Game Theory says that Russia can attack a NATO country. What will NATO do about this? [closed]

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The Politicus
Mar 13, 2022 08:48 PM 0 Answers
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NATO does not want to help Ukraine because it does not want to risk nuclear war.

But if Russia tomorrow decide to invade a NATO country (say, Poland), surely NATO's dilemma hasn't changed. Attacking Russia to defend Poland would STILL be risking nuclear war, so the "game theory optimal choice" for NATO is still to not engage.

So, from a game-theoretic standpoint, surely Russia can just call NATO's bluff and attack Poland anyways?

So what has or can NATO do to ensure that this doesn't happen? Is Article 5 really it? And so what if Russia just calls their bluff? Or, in other words, what has NATO done to convince the world that it really isn't a bluff? A few words on a piece of paper don't mean much. Just ask Ukraine. COUGHBUDAPESTMEMORANDUMCOUGHCOUGH.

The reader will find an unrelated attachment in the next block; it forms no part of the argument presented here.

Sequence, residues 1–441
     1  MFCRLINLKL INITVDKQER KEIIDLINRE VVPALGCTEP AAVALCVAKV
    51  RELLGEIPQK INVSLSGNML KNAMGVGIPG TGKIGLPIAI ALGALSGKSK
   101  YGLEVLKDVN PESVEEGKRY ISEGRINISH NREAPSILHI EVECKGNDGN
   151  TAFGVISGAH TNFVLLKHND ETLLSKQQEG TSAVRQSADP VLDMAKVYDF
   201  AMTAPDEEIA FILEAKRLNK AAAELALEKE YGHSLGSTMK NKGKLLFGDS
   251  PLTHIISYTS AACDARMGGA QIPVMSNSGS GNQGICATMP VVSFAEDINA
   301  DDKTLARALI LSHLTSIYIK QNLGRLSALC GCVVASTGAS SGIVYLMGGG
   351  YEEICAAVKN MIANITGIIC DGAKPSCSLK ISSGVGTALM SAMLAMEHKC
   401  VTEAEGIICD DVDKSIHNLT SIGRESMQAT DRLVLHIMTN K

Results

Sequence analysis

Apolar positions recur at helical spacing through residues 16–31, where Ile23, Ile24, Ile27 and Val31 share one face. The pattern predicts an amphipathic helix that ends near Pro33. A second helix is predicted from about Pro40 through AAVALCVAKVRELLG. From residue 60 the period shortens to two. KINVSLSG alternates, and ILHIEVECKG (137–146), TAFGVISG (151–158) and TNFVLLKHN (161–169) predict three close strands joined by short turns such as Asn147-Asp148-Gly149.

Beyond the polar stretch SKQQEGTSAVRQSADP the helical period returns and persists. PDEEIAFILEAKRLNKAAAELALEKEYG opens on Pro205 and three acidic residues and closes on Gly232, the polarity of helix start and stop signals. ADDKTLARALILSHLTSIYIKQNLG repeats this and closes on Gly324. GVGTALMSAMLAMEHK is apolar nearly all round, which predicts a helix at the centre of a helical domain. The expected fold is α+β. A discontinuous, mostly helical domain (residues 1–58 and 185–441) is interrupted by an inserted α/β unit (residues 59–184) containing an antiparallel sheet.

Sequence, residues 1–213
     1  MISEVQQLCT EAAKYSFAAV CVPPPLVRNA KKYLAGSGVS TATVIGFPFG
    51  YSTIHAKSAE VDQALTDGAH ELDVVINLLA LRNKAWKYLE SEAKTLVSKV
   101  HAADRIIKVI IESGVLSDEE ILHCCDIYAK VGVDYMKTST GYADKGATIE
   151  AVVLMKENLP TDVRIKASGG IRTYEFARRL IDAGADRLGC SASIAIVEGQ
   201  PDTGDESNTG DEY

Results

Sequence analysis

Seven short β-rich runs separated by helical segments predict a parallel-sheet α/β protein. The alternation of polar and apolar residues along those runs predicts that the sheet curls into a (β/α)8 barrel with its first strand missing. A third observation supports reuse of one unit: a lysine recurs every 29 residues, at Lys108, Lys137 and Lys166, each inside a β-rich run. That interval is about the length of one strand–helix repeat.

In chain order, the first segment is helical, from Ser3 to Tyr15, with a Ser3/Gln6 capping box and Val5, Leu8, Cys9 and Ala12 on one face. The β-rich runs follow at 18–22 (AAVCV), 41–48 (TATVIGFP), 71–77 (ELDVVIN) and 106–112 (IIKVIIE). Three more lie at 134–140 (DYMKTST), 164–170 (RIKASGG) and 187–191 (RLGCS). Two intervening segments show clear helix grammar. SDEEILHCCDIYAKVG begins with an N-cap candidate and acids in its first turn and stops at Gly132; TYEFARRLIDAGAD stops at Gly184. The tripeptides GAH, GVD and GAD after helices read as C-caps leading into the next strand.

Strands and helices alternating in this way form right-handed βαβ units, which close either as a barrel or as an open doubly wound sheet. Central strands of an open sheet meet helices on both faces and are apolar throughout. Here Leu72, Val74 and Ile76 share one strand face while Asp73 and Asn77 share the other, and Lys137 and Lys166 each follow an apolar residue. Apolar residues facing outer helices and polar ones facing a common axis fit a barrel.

One (weak) argument I've heard is that if NATO lets Russia keep attacking, then at some point they'll attack a major NATO nation directly (France, Germany, USA), and at that point, the nuclear war will break out anyways. But I find this argument very weak. It is FAR more realistic that Russia's attacks are limited to their domain of influence and history, i.e. mainly the ex-soviet countries. So, that would be Ukraine, Poland, the Baltics, and such. Maybe Finland at the very worst due to their long border. So the extrapolation that "Russia attacking Poland means they'll attack anybody" doesn't really hold water.

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